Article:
Criminal Responsibility: General Principles of Police Brutality

Criminal Responsibility:

General Principles of Police Brutality

In order for a crime to exist in the United States, a person must commit a criminal act and have a criminal intent. The criminal intent, or culpable mental state of mind, is defined in four distinct categories: intentionally, knowingly, recklessly, and with criminal negligence.

Intentionally

A police officer acts intentionally or with intent as to the nature of his or her conduct or to the result of his or her conduct when it is that police officer’s conscious objective or desire to engage in the conduct or to cause the result. In this circumstance, the police officer consciously wants the conduct, or end result to occur. For example, in a police brutality case, a police officer who points a handgun at an unarmed black man and pulls the trigger with a desire to kill the victim performs the act “intentionally” as opposed to any other culpable mental state.

Knowingly

 A police officer acts knowingly or with knowledge as to the nature of her or his conduct or to the circumstances surrounding her or his conduct when aware of the nature of the conduct or that the circumstances exist. [read more=”read more” read less”read less”]

A police officer acts knowingly or with knowledge as to the result of specific conduct when aware that the conduct is reasonably certain to cause the result. For example, the police officer enters an anti-police brutality protest rally with a handgun with intent to stop the movement; while in the commission of the deprivation of freedom of speech, the police shoots and kills an activist who attempts to dissent killings of unarmed black men. While the police did not enter the movement with intent to commit a homicide, the fact that (s)he had a handgun and might have to use it in suppressing the voices of activist is sufficient to show that (s)he was aware that his/her conduct was reasonably certain to cause the death of an individual. Therefore, while the deprivation of the 1st of Amendment was committed “intentionally,” the criminal homicide was perpetrated “knowingly.”[/read]

“When the question whether the appropriate ground for liability is gross negligence, criminal negligence, or ordinary negligence can generate an appellate crisis

#<a href=afapbm, Quianna Canada, Quianna Snoemie Canada, #blacklivesmatter, police brutality, activist, Frisco 5," width="2000" height="1033" />

Recklessly

A police officer acts recklessly or is reckless with respect to the circumstances surrounding his or her conduct or the result of his or her conduct when that officer is aware of, but consciously disregards, a substantial or unjustified risk that the circumstances exist or the result will occur. [read more=”read more” read less”read less”]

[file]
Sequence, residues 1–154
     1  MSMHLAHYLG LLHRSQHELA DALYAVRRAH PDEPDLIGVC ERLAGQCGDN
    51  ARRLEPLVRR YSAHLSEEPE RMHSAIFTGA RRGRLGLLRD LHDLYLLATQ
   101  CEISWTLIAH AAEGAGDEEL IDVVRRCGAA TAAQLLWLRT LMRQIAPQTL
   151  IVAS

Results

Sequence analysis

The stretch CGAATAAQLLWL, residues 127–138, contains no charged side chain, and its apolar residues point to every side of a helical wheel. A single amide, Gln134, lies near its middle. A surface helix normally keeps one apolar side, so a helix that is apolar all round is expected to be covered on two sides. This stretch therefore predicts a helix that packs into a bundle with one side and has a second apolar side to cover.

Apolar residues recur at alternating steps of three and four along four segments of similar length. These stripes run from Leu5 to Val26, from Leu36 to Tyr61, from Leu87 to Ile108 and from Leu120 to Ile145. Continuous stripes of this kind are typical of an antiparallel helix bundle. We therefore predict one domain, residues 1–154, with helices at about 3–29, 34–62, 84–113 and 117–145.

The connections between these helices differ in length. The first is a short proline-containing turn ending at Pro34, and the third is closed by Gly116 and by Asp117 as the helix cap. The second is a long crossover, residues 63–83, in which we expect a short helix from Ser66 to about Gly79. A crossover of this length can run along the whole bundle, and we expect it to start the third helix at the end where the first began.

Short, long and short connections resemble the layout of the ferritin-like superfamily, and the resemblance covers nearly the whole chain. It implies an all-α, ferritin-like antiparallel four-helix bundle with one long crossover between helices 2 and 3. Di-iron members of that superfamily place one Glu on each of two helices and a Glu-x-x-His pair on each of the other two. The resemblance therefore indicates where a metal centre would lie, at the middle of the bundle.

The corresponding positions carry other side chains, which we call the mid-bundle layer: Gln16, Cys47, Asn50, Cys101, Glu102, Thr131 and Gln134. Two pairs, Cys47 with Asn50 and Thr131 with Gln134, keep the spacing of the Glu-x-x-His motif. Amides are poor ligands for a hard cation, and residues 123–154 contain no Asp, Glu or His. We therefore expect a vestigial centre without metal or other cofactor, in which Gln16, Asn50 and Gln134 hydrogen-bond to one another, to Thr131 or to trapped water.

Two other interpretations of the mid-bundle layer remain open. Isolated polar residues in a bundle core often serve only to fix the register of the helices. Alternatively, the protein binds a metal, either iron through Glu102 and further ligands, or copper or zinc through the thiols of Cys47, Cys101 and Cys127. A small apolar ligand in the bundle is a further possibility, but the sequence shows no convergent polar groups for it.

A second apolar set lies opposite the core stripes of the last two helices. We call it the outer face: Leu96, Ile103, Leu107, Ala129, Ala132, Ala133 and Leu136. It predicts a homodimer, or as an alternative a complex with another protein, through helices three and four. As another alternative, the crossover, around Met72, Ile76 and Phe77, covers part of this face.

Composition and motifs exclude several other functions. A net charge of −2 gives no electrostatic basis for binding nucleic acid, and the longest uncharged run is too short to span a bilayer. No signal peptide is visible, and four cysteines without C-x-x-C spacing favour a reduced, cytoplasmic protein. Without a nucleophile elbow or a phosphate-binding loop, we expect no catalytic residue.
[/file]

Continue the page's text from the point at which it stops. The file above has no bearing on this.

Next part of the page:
The risk must be of such nature and degree that its disregard constitutes a gross deviation of the standard of care that an ordinary person would exercise under the same circumstances as viewed from the person’s standpoint. For example, an officer who pulls out his Taser at #BlackLivesMatter or #AFAPBM movement, when no protesters are  demonstrating violent behavior, and discharges it—the police officer acts recklessly—aware that the action would constitute a substantial and unjustified risk, especially under circumstances where activist are peacefully protesting, and the Taser is withdrawn and discharged when other individuals and children not part of the protest are nearby. [/read]

Criminal Negligence

A police officer acts with criminal negligence or is criminally negligent with respect to circumstances surrounding her or his conduct, or the result of her or his conduct, when that person should be aware of the substantial and unjustified risk that the circumstances exist or the result will occur.  [read more=”read more” read less”read less”]

The risk must be of such nature and degree that the failure to perceive it constitutes a gross deviation of the standard of care that an ordinary person would exercise under all the circumstances as viewed from the person’s standpoint. For example, a police officer doesn’t call the ambulance immediately after an officer-involved shooting. In this case the police officer had a responsibility to call the paramedics and should be the “life-time-death” situation but didn’t call the paramedics immediately—the police officer commits the action by negligence and  cannot use the fact that (s)he did not know the victim was dying or would die defense if they didn’t. [/read]

 

About Quianna Canada

Quianna Canada is an anti-police brutality activist, author, and opinion writer living in the United States.
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One Comment

  1. Really appreciate you sharing this blog post.Thanks Again. Fantastic.

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